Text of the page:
Last week was all about shapes in our garden and in our science room. On Tuesday, we had our big fall planting in the garden. Each class had an assigned bed and a variety of herbs and vegetables to plant. We used a grid (made up of 32 squares) to plant into our rectangle shaped garden beds. The grid helped us pay attention to plant and seed spacing so each vegetable will have enough room to grow.
Doboonim planted rosemary, thyme, oregano, chives, parsley, and sage.
Kofim explored seeds big and small. First, they lined up to plant big yellow wax and green bean seeds, as well as sugar snap pea seeds. We tried to plant 5 beans and 8 sugar snap peas per square. Using their fingers to poke deep holes, our little monkeys then pushed the seeds down into the dirt. In another bed, Kofim planted yellow squash seeds, Brussels sprouts, broccoli, and bok choy. Last, each student got a cup full of carrots seeds, which we saw are tiny! Instead of planting them one by one, we used our pincher fingers to sprinkle the carrots seeds carefully over the garden bed.
Before the older students got to planting, they worked together as a class to design their garden layout. We discussed how some plants, like tomatoes and broccoli, get huge and need more space to grow. Those plants need to be planted far apart. Other plants, like eggplant and peppers, can be planted closer together. Using the square foot garden method, the students assembled pictures of each vegetable into a plan that we used for reference while planting.
Parparim planted a stir fry bed full of broccoli, Brussels sprouts, bok choy, carrots, and beans, including dragon tongue beans!
VPK 1 planted an bruschetta bed featuring tomatoes, eggplant, basil, chives, and carrots. They decided to plant their tomatoes, eggplants, and carrots in long rows that stretched across the length of the garden bed.
VPK 2 planted a salsa bed. Since their shape of the week was square, they grouped their 4 tomato plants and 4 pepper plants into blocks instead of rows. Next to those, they scattered carrot and cilantro seeds and also planted garlic chives.
On Thursday, we tested thestrength of bridges. In Parparim and VPK, the students watched a short video about what makes bridges so strong. We noticed that bridges are built using different shapes. For example, a beam bridge makes rectangles, a truss bridge uses triangles, and an arch bridge features a semi-circle. We learned that some shapes, like triangles and semi-circles, are very strong building shapes because any weight that is placed on them is distributed across the shape!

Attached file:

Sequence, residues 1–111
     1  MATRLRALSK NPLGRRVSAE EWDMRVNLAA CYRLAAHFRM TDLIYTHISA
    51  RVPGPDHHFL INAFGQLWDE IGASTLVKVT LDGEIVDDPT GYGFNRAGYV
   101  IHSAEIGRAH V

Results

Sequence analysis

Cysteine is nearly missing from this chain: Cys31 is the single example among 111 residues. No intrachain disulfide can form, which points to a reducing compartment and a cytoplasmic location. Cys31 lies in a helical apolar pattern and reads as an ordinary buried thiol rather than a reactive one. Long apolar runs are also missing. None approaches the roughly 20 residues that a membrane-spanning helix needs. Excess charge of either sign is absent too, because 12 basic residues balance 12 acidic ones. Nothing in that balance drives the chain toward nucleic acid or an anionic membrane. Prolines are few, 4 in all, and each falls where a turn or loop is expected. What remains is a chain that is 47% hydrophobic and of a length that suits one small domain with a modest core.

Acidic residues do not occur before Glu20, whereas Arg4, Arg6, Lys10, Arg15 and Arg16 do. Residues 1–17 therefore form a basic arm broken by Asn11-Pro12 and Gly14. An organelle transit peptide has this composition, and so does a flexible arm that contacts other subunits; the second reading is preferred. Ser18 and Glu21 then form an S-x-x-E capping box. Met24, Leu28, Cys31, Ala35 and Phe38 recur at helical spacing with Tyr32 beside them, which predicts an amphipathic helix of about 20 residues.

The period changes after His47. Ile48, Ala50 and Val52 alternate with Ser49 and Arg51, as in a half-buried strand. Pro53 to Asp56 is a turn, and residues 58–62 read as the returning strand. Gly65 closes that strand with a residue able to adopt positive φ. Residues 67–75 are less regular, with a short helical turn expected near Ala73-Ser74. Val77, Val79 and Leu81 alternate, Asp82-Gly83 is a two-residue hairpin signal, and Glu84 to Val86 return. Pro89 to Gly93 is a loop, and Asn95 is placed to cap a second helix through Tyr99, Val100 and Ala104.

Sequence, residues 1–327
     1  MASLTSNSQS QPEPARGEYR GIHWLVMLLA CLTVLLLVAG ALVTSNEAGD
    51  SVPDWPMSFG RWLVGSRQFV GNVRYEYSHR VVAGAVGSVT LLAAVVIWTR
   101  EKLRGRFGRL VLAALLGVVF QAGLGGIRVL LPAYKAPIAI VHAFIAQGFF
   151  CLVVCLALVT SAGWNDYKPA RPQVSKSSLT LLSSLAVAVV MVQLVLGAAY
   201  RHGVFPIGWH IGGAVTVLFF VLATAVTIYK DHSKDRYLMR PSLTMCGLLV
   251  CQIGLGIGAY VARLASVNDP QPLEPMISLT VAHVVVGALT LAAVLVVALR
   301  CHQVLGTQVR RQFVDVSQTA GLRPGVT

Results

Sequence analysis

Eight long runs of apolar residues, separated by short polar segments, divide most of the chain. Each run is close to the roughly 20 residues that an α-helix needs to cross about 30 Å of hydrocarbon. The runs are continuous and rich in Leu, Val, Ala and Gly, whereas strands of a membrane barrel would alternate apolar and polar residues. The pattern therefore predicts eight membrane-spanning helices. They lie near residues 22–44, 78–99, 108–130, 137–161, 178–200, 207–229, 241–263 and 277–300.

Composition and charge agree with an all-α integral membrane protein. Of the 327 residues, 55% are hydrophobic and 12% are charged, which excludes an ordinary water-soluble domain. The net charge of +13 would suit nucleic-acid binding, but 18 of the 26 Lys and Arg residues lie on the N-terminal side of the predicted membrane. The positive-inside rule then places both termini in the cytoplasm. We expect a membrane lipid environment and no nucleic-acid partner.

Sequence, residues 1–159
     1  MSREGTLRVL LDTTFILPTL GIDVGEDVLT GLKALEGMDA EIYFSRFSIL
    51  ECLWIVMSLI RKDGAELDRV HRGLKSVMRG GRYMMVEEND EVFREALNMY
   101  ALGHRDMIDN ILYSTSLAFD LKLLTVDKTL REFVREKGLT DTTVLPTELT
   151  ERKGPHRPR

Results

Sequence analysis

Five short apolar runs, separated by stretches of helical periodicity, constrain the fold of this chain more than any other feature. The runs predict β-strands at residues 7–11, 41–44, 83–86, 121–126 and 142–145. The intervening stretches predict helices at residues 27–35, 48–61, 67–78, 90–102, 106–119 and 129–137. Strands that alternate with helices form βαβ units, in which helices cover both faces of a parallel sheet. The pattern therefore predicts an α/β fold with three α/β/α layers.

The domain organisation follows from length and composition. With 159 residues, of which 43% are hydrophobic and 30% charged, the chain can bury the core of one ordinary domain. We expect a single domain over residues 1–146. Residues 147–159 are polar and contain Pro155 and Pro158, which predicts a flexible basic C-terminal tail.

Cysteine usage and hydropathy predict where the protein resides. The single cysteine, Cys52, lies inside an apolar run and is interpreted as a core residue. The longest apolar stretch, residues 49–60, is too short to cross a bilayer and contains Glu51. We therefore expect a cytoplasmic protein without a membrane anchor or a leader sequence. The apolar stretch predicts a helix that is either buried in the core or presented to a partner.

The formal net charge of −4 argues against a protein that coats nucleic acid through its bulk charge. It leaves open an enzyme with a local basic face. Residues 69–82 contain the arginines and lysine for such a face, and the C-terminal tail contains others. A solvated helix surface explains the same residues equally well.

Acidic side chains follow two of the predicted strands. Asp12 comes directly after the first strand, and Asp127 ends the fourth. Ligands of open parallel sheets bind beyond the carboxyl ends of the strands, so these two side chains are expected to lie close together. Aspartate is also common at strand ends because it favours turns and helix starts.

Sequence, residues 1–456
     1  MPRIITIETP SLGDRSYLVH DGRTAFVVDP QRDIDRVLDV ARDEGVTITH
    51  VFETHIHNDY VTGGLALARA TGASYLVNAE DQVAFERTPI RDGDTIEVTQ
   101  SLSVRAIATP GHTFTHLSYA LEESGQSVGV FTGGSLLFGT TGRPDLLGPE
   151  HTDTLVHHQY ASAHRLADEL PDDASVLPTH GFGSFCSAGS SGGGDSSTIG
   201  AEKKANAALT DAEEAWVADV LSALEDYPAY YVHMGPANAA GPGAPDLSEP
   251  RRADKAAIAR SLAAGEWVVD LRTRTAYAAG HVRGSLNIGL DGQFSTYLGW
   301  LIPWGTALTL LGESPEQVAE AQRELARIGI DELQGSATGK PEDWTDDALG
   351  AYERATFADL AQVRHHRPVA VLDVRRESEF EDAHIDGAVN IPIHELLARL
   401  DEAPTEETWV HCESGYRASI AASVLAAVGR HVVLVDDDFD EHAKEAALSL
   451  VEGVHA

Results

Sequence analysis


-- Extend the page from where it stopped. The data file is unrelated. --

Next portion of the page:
All the classes watched a demonstration of how much weight each type of bridge could withstand before collapsing.
Here are the different bridges we built:
It was fun to guess how many weights each one would hold. Then, the students “built” their own bridges using wooden blocks and paper. Doobonim and Kofim tested the strength of their bridges with tops and cars, while Parparim and VPK used tops and pennies.
I’m thrilled to be this year’s Science and Garden Teacher at the Dubow Preschool! I am looking forward getting to know each child and joining them for an exciting year full of exploration.
The first two weeks were filled with discoveries inside the science classroom and outside in the garden.
After a quiet summer, the garden was a bit wild and overgrown. We investigated the plants and found many hidden surprises, including small broccoli “flowers” (florets), baby carrots, herbs like lavender and mint, green tree frogs, and squash bugs!
The students in VPK and Parparim enjoyed collecting leaves and flowers into scavenger bags, then using those items to make crayon rubbings that are now displayed in the school hallway. Kofim and Doobonim practiced fine motor skills by pinching and attaching their nature findings to sticky bracelets that they wore during the hunt.
Last week, we did garden yoga to stretch and learn about the parts of a plant kinesthetically. We crouched down to be seed balls, anchored our feet to put down strong roots, straightened our legs to grow our stem, and stretched our arms wide to wave our leaves in the wind. Our arms circled overhead to become a flower and then we drooped forward when our plant became heavy with fruit. Last, we crouched back into our seed ball to start the process again.
As we pulled out the garden, we examined all these plant parts up close. We rubbed mint and lavender leaves to release their fragrance. The students loved using teamwork (and big muscles) to yank out the larger plants together. It was amazing how thick some of the stems had grown.
Additionally, we loved finding roots and exploring them up close. From unearthing carrots to “tickling” the larger root balls, everyone was tickled to see what was hiding in the dirt.
The neatest discovery wasn’t uncovered until weeding the last raised bed… our first monarch caterpillar of the year. We will keep checking the milkweed plants over the next week or two to see if we can find the chrysalis!